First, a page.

The imminent shuttering of an important television heritage project in the UK highlights the problems of preservation.
Preservation is big business. Around the world large companies pay large amounts of money to have their physical and digital assets safely stored away for the future. Companies such as Iron Mountain make a justifiably huge deal about the security and safety of their storage facilities (it’s ‘Underground’ is 1.8 million square feet of developed space 220 feet below ground in an abandoned limestone mine) and anything stored in such facilities is protected from pretty much everything apart from time itself.
Even time is mitigated against as much as possible, with minutely temperature-controlled storage. An increasing number of companies are now offering 3D scanning of objects and their constituent components too, attempting to make perfect digital recreations of physical objects that are, despite everything, starting their inevitable, slow decay.
But not everything gets that treatment. While the world’s large consumer electronic companies can afford to keep temperature controlled vaults full of every prototype of everything they ever made, for most everything else there are armies of unpaid volunteers beavering away trying to preserve the heritage of things before they are lost. And the struggle is not always an equal one.
Which brings us to Sandford Mill.
Sandford Mill is in Chelmsford, 30 miles northeast of London, and is part of Chelmsford Museum. The building hosts the organisation’s collection of the area’s industrial heritage, and this includes an invaluable collection of artefacts from the history of television and radio in the UK. His includes the hut from which the UK’s first regular entertainment broadcasts were made. Yes, a hut. Things have moved on slightly since.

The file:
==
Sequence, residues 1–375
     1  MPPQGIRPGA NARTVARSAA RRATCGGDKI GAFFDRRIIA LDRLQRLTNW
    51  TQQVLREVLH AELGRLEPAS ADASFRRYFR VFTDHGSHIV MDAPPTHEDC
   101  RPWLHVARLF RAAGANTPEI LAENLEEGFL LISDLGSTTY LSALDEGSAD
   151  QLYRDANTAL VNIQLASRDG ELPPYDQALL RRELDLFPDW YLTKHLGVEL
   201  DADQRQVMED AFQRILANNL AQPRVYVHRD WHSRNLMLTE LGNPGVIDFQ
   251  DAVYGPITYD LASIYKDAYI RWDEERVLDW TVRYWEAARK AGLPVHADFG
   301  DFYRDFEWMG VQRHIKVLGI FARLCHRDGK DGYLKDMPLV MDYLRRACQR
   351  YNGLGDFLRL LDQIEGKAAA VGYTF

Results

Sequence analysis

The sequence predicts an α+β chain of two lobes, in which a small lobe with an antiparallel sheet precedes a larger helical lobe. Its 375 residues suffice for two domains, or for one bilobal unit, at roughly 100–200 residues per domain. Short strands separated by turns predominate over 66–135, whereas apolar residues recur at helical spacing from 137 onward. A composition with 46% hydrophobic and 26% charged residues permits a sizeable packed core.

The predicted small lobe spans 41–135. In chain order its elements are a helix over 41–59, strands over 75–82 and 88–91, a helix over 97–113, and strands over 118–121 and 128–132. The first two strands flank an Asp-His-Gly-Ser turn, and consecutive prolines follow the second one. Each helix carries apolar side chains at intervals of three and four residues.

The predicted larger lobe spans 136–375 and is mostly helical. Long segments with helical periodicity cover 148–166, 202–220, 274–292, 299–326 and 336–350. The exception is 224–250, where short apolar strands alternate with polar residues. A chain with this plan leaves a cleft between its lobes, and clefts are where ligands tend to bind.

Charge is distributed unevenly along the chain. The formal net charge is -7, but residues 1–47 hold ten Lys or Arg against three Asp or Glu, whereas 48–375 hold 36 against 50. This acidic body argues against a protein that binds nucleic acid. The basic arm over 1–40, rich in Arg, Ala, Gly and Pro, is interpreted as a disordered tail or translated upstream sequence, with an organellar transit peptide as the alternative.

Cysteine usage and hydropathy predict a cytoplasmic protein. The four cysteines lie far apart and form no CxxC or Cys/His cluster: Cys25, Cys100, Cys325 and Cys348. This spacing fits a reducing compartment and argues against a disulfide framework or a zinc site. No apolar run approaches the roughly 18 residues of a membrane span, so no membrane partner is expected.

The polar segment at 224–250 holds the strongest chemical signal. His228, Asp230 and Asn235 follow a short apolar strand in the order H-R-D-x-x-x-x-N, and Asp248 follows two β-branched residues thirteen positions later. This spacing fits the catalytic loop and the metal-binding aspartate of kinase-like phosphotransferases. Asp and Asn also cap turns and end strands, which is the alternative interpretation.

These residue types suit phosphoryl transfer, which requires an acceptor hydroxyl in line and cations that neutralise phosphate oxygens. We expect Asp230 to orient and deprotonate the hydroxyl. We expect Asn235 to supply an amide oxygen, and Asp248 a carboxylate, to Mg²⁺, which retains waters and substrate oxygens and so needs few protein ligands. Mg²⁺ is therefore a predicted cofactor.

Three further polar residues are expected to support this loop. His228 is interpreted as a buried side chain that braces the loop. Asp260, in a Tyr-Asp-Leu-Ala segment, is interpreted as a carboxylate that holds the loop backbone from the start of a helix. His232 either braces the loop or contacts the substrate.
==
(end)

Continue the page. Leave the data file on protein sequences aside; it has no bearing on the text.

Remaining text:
Sandford Mill is not open to the public all the time, but (pre-Covid anyway) would have regular open days when the public could visit and see the exhibits. Part of that experience was to see the television studio equipment, most of which dates from the 1960s and 1970s, up and running. For the past nine years, the exhibit has been looked after by a group of highly qualified volunteers, many of them veterans from the storied Marconi company and the appropriately named Marconi Veterans’ Association. These volunteers have donated thousands of hours of unpaid work and sourced historic parts from all over the country out of their own pockets to keep the kit up and running and interconnected and working.
The result was something unique in the UK as far as we know, but it’s also something which is now under threat and highlights the precarious nature of community-led heritage projects, especially those that require a degree of technical expertise and equipment from a range of different areas.
Essentially, Chelmsford Museum wants the efforts to stop and for the volunteers to remove all their own equipment from the building. And given the degree of interconnectedness that the volunteer-sourced kit brought to the project, that means the collection will lose its ability to operate as a working demonstration and go back to being once more composed of discreet and sadly inert objects.
Chelmsford Council says it is doing this because it’s pursuing Arts Council UK Museum Accreditation. That has led to an overhaul of the procedures at the site, including the return of items that are not held in its collections.
The Marconi Veterans’ Association disputes the necessity of all this, and points to other museums being able to mix accreditation quite happily with volunteer-led efforts. The local paper, meanwhile, hints darkly at future development opportunities with the site (something the council denies).
“I ask the city council administration to reconsider and, at the very least, continue to store the equipment whilst the future of the site is determined,” commented Councillor Mike Steel, himself an ex Marconi employee. “If the equipment is removed now and returned to the attics and garages of the volunteers, it will never come back together again.”
We can’t say we’re totally unbiased in all this. Our own Phil Rhodes is involved in the campaign to keep the exhibits up and running. But Councillor Steel is absolutely right. The way that projects come together like this over the course of years is unique, and once disassembled it is highly unlikely that the same amount of equipment and expertise will ever be brought back together in the same place.
It is certainly highly unlikely that the equipment will ever work again and, piece by piece, another small part of our modern industrial heritage disappears.